Even though I’ve been in Washington for almost 25 years, I still get shocked by the deceit and double‐talk that characterizes this town. A perfect example can be found in today’s Wall Street Journal, which features a column by Karl Rove attacking President Obama for fiscal incontinence. I’m a big fan of condemning Obama’s big‐government schemes, but Rove is the last person in the world who should be complaining about too much wasteful spending. After all, he was the top adviser to President Bush and the federal budget exploded during Bush’s eight years, climbing from $1.8 trillion to more than $3.5 trillion. More specifically, Rove was a leading proponent of the proposals that dramatically expanded the size and scope of the federal government, including the no‐bureaucrat‐left‐behind education bill, the two corrupt farm bills, the two pork‐filled transportation bills, and the grossly irresponsible new Medicare entitlement program.
Not surprisingly, Rove even tries to blame Obama for some of Bush’s overspending, writing that “…discretionary domestic spending now stands at $536 billion, up nearly 24% from President George W. Bush’s last full year budget in fiscal 2008 of $433.6 billion. That’s a huge spending surge, even for a profligate liberal like Mr. Obama.” This passage leads the reader to assume that Obama should be blamed for what happened in fiscal years 2009 and 2010, but as I’ve already explained, the 2009 fiscal year started about four months before Obama took office and 96 percent of the spending can be attributed to Bush’s fiscal profligacy. Yes, Obama is now making a bad situation worse by further increasing spending, but he should be criticized for continuing Bush’s mistakes.
Rove then has the gall to complain that Obama is “…growing the federal government’s share of GDP from its historic post‐World War II average of roughly 20% to the target Mr. Obama laid out in his budget blueprint last February of 24%.” Yet a quick look at the budget data shows that the burden of federal spending jumped from 18.4 percent of GDP when Bush took office to more than 25 percent of economic output when he left office. Even if the (hopefully) temporary bailout costs are not counted, Bush and Rove are the ones who deserve most of the blame for today’s much larger burden of government. It should be noted, by the way, that none of the new spending under Bush was imposed over his objection. He did not veto any legislation because of excessive spending.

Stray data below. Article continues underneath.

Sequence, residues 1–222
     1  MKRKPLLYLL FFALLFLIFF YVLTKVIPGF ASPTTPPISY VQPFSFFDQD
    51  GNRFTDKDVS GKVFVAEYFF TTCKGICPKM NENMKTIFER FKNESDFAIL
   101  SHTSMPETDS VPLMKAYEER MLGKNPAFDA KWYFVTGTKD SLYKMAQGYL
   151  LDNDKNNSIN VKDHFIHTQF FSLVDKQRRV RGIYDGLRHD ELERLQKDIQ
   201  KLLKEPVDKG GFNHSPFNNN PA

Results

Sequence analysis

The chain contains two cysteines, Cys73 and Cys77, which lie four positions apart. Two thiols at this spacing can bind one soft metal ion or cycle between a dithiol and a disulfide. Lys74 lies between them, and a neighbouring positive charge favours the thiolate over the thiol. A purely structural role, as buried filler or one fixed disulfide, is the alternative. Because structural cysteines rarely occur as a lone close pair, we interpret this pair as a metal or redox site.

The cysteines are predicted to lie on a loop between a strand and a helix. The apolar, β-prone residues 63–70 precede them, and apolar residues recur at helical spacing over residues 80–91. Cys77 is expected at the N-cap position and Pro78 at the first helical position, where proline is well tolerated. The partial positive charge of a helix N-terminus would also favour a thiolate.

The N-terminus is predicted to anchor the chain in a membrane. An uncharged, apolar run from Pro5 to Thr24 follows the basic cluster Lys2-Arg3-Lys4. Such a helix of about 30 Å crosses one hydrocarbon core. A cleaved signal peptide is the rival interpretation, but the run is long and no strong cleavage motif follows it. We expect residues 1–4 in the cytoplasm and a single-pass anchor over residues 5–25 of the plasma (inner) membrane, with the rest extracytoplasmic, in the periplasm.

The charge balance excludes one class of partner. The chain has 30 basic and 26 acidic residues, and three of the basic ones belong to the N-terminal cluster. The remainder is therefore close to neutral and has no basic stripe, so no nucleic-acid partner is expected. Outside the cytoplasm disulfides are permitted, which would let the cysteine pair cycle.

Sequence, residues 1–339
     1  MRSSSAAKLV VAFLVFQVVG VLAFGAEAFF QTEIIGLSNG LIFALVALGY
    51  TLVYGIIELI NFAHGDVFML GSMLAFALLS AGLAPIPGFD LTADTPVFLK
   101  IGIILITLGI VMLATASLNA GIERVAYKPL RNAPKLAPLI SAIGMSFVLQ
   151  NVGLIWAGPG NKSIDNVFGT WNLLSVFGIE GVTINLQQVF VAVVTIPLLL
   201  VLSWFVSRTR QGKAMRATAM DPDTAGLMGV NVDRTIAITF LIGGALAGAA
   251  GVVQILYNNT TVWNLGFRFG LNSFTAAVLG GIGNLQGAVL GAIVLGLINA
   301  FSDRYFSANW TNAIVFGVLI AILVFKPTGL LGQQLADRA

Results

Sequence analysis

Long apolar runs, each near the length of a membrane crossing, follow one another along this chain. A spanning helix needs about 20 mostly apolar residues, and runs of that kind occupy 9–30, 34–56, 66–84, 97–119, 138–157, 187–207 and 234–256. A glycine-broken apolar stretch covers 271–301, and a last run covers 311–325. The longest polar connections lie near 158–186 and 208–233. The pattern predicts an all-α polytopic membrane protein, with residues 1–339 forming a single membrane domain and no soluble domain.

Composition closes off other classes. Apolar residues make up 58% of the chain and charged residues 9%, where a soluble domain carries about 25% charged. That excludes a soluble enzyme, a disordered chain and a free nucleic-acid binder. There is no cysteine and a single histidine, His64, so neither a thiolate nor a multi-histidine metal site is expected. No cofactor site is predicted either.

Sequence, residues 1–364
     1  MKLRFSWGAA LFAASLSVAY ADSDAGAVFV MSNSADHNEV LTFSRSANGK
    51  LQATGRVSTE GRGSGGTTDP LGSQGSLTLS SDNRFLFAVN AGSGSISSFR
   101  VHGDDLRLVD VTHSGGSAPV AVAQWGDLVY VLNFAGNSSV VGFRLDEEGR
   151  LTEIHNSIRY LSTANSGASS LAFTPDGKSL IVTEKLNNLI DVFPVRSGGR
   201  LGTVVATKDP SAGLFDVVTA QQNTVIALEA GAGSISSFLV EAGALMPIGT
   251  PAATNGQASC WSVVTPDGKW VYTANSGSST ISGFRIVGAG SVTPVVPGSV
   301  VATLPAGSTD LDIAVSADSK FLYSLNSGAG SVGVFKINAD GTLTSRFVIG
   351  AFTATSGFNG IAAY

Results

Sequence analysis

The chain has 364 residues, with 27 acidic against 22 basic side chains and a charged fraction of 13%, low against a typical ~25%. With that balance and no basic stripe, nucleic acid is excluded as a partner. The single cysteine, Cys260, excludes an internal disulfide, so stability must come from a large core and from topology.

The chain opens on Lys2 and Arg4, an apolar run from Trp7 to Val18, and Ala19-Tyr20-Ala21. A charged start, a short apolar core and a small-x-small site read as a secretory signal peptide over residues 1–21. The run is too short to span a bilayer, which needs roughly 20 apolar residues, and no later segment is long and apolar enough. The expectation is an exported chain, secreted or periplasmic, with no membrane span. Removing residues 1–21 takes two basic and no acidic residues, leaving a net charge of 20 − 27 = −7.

Finally, Rove concludes by writing that, “After a year of living in his fiscal fantasy world, Americans realize they have a record deficit‐setting, budget‐busting spender on their hands.” I’m almost at a loss for words after reading this sentence. All during the Bush years, I would complain to people in the Administration about wasteful spending. It didn’t matter whether I was talking to people at the Office of Management and Budget, the Council of Economic Advisers, the Treasury Department, or the National Economic Council. They almost always expressed sympathy for what I was saying, and then complained that the decisions were being made by the “White House political people.”
There’s an old joke about chutzpah and it features a guy who murders his parents and then asks the court for mercy because he’s an orphan. Karl Rove has taken the joke to the next level, but there’s nothing funny about the consequences for America.